Juris Doctor and Environmental Pollution Control
The Penn State Dickinson School of Law (DSL) of The Pennsylvania State University and the Penn State Harrisburg School of Science, Engineering, and Technology offer a joint program leading to the degrees of Juris Doctor, to be granted by Dickinson School of Law, and Master of Environmental Pollution Control or Master of Science in Environmental Pollution Control, to be granted by Penn State Harrisburg.
The Joint Degree Program
In this day and age of environmental concern and regulation, many lawyers seek and pursue graduate study in environmental pollution control. Similarly, many scientists and engineers who are employed by or are consultants to industries seek and pursue law degrees. This program allows persons from both areas to pursue jointly these graduate programs of vital interest to them. The benefits of interdisciplinary and joint study include a savings in time and the enhancement of understanding that a student realizes when enrolled in both programs.
The student enrolled in this program may transfer up to 12 hours of credit from the EPC program to be used toward the graduation requirements for the JD degree. Similarly, that student may transfer from 8 to 12 hours of credit from the law program to be used toward the master’s degree. All credits for transfer must be earned after the student has been admitted to both degree programs.
The EPC Program
The Environmental Pollution Control program is interdisciplinary, dealing with all aspects of controlling air, water, and solid waste pollution and disposal.
Two degrees are offered in the EPC program. The Master of Environmental Pollution Control degree (M.E.P.C.) is for those with science or non-technical backgrounds. The Master of Science in Environmental Pollution Control (M.S.E.P.C.) requires a thesis and thus is geared to those students with a strong science or engineering background who wish to obtain a more research-oriented education.
The two degrees are directed toward building skills for professional practice. Because of the advanced technical competence graduates gain through the program, they have a wide range of employment opportunities.
The Law Degree
Founded in 1834, the fully accredited Dickinson School of Law has a tradition of providing a broad-based theoretical and practical legal education that prepares students to practice law anywhere in the United States. Full-time professors, professor-administrators, and teaching fellows work with adjunct professors to teach more than 100 courses in the J.D. and Master of Laws curricula. Recognizing that advocacy skills are indispensable throughout the profession, great emphasis is placed on honing these skills through classroom work, clinical experience, and moot court competition. The School is also the home to the Dickinson Journal of Environmental Law and Policy.
In order to be admitted to the joint degree program, a student must first be admitted to The Dickinson School of Law (DSL) under its regular admissions procedures. DSL need not forward applications of all admittees who have expressed an interest in the EPC program and can withhold support for some admittees until they have demonstrated profi ciency in their legal studies and a capacity for dual degree study. Once DSL approves the student, the student must then make application to Penn State Harrisburg (PSH), which will make independent admissions decisions as to all dual degree applicants.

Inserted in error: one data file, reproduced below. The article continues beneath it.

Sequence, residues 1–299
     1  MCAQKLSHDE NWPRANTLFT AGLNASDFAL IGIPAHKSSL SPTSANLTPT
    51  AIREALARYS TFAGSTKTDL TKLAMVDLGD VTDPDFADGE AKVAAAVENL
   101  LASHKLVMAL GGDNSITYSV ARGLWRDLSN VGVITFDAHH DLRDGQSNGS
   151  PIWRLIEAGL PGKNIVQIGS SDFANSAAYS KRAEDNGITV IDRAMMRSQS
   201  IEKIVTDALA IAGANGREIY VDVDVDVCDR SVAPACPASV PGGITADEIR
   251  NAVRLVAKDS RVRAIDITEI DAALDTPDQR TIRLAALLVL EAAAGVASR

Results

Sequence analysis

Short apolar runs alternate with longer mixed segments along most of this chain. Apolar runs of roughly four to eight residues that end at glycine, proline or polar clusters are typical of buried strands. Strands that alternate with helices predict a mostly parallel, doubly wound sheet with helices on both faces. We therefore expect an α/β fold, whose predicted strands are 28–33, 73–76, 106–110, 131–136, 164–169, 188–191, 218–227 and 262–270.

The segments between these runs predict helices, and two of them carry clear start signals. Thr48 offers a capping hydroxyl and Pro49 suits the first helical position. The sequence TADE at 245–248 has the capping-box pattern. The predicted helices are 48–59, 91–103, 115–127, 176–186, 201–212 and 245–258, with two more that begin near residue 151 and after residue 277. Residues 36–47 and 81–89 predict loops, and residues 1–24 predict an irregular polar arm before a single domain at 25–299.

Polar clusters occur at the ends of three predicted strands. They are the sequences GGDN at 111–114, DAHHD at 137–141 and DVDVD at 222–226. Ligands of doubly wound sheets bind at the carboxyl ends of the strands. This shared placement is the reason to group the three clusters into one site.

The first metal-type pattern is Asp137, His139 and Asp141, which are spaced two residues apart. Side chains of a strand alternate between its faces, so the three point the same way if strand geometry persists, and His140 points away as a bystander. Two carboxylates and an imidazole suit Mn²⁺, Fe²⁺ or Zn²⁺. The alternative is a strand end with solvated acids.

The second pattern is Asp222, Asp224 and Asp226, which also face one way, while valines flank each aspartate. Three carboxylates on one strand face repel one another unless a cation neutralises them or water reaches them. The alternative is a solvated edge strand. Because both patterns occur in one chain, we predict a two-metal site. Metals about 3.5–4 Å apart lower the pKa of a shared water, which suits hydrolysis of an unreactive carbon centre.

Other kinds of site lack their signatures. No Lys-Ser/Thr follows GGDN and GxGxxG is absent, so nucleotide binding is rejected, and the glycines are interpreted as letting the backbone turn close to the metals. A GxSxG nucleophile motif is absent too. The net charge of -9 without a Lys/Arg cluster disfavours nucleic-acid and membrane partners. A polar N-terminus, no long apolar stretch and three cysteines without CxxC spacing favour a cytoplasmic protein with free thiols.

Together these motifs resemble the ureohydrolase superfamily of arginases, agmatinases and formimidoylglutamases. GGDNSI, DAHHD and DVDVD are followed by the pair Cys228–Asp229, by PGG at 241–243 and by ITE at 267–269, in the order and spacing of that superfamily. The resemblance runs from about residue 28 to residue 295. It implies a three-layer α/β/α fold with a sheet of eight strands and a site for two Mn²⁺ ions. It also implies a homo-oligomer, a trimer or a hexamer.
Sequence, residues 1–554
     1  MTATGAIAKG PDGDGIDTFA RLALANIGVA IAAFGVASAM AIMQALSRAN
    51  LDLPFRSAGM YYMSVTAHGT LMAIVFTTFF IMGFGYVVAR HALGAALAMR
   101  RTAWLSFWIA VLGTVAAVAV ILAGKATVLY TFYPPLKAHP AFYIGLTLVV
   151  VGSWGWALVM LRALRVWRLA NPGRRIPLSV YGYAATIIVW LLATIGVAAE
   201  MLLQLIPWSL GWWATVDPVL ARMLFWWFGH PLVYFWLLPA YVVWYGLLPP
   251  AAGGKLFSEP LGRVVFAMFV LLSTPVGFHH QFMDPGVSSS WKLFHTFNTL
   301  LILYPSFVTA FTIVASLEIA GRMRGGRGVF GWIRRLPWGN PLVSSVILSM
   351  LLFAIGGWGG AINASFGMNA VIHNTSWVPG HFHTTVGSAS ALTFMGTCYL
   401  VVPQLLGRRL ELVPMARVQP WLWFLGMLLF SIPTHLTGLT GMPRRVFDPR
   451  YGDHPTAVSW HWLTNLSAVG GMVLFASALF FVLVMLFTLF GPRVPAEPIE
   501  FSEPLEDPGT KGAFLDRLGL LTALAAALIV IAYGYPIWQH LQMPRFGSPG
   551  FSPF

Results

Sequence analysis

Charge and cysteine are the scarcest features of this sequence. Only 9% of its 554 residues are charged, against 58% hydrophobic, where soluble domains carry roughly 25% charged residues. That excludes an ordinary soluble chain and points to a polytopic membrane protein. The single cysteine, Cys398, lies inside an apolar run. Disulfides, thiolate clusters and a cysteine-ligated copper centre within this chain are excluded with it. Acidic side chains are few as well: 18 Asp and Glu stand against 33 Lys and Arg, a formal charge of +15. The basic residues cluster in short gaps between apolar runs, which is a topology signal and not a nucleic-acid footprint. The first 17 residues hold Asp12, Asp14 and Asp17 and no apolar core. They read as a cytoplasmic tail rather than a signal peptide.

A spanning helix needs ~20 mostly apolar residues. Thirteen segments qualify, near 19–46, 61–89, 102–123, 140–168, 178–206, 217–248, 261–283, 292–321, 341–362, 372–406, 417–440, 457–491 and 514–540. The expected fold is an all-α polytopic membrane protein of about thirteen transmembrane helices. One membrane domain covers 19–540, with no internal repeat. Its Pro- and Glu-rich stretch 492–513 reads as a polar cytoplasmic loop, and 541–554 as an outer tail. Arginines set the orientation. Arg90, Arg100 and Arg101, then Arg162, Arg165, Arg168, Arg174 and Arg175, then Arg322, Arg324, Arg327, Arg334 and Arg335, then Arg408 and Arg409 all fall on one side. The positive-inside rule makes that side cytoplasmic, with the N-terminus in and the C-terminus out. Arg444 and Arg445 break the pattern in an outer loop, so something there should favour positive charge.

A bachelor’s or equivalent degree from an accredited college is a prerequisite for admission to DSL. However there is no standard prescribed undergraduate curriculum. An applicant should have acquired significant oral and written communication skills before entering law school. Students are admitted to begin classes in the fall only.
Applicants to the joint degree programs should do the following:
- Complete application forms for DLS and Penn State Harrisburg Graduate School;
- Take the Law School Admission Test (LSAT);
- Complete an LSDAS report;
- Submit a one-page personal statement;
- Submit employment records since high school;
- Submit two recommendations.
Undergraduate transcripts should indicate the completion of courses in mathematics through integral calculus, as well as two courses each in both general physics and chemistry.
To be eligible to earn the Juris Doctor degree, a candidate must earn credit for 88 semester hours of course work. The EPC program requires 30 graduate credits (400 level or higher).
A maximum of 8 credits for Dickinson School of Law course work may be transferred for credit toward the M.S. in E.P.C. degree and a maximum of 12 credits for DSL coursework may be transferred for credit toward the M.E.P.C. degree at PSH, subject to PSH approval based on relevance to the EPC program.
A maximum of 12 credits for EPC course work with a grade of "B" or better may be transferred for credit toward the J.D. degree at DSL. Courses for which such credit may be applied shall be subject to approval by the DSL faculty.
It is anticipated that students will complete a minimum of 77 credits from DSL and 21 credits (not including an internship) from PSH in order to obtain the J.D. and E.P.C. degrees. A student in the program may, however, obtain either degree prior to completing all requirements for the other. Students must earn at least a 3.0 grade point average to be eligible for the E.P.C. degree.
Advising of Students
All students in the program will have two advisers – one from Dickinson School of Law and one from Penn State Harrisburg.
Dickinson School of Law and Penn State Harrisburg will each charge their own tuition to students in the JD/EPC program.
For a list of courses, visit the Whitebook.
This page is not a part of the official Penn State University Bulletin.